Jump to content

Stargazers Lounge Uses Cookies

Like most websites, SGL uses cookies in order to deliver a secure, personalised service, to provide social media functions and to analyse our traffic. Continued use of SGL indicates your acceptance of our cookie policy.

sgl_imaging_challenge_banner_globular_clusters_winners.thumb.jpg.13b743f39f721323cb5d76f07724c489.jpg

Recommended Posts

First clear night for a loooooong time last night, so a quick session under suburban skies. Those constellations sure move quickly. I’m not finished with Winter or even Autumn yet, but Leo is already poking its head up early in the evening!

One highlight to share was the heart of M42 around the trapezium. To state the obvious, it’s really bright. Pile on the magnification while the detail gets better and better. At 500x and a tiny exit pupil it was still bright in direct vision - it just doesn’t dim out!

For filters, the UHC gives a great view, especially for low power at a dark site where the wings curl back full circle. But for the heart at extremely high power, the Oiii won the day, bringing it to life. Stream, filaments, lumps, bubbles and knots. Almost photographic. A stunning sight. Give it a go if you haven’t already!

A new H-beta filter revealed the California nebula for the first time from home - only ever seen from a dark site in the UHC previously. I looked optimistically for IC 434 but no joy. The H-beta made some faint ‘dark site only’ features in the extended outer envelope of M42 more obvious too.

Failed for probably the 100th time to see anything at all around the Flaming Star nebula. Tips and advice welcome. It is my nemesis...

Anyway a nice night. Good to be back out. Hope everyone else got a good look too.

  • Like 8

Share this post


Link to post
Share on other sites

Nice report! I have only seen IC 434 with my C8 from a dark site up in the Austrian Alps, where it is higher up. Even then it was difficult with H-beta filter and 4.2mm or 3.1mm exit pupil. The Flaming Star is easier in a real wide-field instrument, and I have spotted it with my 80mm F/6 at 15.5x magnification with the 31T5 Nagler and UHC or H-beta filters. It is very diffuse indeed and shows up as a faint glare around stars which doesn't appear around brighter stars. I only ever spotted it when it was near zenith.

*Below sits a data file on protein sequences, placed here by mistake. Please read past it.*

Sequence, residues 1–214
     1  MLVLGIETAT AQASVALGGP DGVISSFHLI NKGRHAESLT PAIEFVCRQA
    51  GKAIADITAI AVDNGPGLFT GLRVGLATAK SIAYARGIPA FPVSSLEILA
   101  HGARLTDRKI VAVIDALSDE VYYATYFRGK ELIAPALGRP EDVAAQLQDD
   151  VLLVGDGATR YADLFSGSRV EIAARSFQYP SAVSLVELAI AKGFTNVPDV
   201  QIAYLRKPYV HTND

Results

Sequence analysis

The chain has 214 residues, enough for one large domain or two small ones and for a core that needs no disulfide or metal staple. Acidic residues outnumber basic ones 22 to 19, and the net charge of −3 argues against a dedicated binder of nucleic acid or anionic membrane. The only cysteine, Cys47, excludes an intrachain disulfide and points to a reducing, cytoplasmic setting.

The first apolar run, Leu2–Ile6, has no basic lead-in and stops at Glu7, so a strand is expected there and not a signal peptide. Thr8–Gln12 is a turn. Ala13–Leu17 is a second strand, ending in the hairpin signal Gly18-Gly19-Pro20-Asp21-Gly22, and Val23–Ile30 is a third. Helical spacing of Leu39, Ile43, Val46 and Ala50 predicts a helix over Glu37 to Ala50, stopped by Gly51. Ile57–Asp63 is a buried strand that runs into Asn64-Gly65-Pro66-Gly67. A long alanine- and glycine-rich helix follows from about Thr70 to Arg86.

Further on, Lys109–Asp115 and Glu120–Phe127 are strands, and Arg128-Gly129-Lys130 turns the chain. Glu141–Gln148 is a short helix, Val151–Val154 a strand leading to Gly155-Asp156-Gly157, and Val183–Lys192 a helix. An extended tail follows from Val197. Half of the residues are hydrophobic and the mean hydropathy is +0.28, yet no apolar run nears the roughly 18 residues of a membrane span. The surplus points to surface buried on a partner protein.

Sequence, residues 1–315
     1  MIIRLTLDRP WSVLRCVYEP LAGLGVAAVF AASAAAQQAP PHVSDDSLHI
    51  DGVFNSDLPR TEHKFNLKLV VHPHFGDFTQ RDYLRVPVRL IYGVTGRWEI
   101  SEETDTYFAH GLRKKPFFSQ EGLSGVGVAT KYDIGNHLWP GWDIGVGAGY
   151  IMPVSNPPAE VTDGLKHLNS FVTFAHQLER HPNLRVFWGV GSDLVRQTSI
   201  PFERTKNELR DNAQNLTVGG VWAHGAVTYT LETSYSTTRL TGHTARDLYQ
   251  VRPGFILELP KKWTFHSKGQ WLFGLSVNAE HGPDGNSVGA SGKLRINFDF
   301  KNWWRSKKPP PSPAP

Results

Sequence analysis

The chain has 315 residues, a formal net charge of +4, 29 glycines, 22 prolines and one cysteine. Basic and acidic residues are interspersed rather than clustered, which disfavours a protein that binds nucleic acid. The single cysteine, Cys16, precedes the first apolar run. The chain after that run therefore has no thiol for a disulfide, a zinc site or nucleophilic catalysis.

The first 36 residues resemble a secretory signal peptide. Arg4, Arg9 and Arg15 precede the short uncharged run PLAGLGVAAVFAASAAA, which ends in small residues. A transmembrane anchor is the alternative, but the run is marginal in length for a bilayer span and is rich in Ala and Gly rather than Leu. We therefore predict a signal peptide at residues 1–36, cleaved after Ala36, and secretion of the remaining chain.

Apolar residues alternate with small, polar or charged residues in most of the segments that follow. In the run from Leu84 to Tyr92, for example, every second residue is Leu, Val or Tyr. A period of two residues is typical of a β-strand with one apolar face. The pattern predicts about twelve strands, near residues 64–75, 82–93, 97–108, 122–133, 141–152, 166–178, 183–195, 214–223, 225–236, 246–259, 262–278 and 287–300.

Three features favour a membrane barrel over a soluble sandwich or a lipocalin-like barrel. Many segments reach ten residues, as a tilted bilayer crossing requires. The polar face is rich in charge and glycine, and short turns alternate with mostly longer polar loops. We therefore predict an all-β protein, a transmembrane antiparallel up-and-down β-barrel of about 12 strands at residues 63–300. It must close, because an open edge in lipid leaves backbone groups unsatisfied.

• Like 1

Share this post


Link to post
Share on other sites

Excellent report Paul, and really encouraging to see someone experiment with high powers.

IC434 needs real dark adaption, but even from the suburbs it can be detected in my 100mm refractor, so it's not a lost cause. I used a 20mm & 10mm XW's while keeping Alnitak out of the field for most of the observation. The brightest region of IC434 is some way from Alnitak and appears as a shard of nebulosity eminating from a neighbouring field star in the direction of Alnitak. What soon became evident to me was the blackness of the dark nebula, which creates a razor sharp edge to the bright nebulosity. It may be an idea to try looking for the dark nebula, which is blacker than space, then you might see the first glimpses of the bright nebula. With prolonged observation IC434 becomes much more obvious, but it took me about an hour observing the region while under a blackout blanket, before I felt I'd seen all my little scope could reveal. I did see what I thought to be the horse head, but it was small and looked like a small black notch in the brighter nebula. I've attached my sketch for your amusement. I couldnt say i saw anything that looked like a horse's head, just an averted vision dark notch!

Viewing this sketch with averted vision gives a fairly realistic eyepiece representation with good dark adaption.

2100607606_2019-01-1014_19_23.thumb.jpg.0c6e171876ca8474929bf36757c548e5.jpg

 

Edited by mikeDnight
  • Like 9

Share this post


Link to post
Share on other sites
46 minutes ago, Size9Hex said:

under suburban skies

Hi Paul, great report. ^^ this is a big issue regarding the Flaming Star, it needs nicely dark transparent skies IMHO. It is also sensitive to eyepieces in our scopes. ie the H130/24ES68/NPB showed a much smaller but more contrasted Flaming Star the other night in contrast to last night with the VX10. The 10" showed it fainter with the 30 ES 82/ UHC- my 20mm Lunt was in the house...  just try all you have to see what works.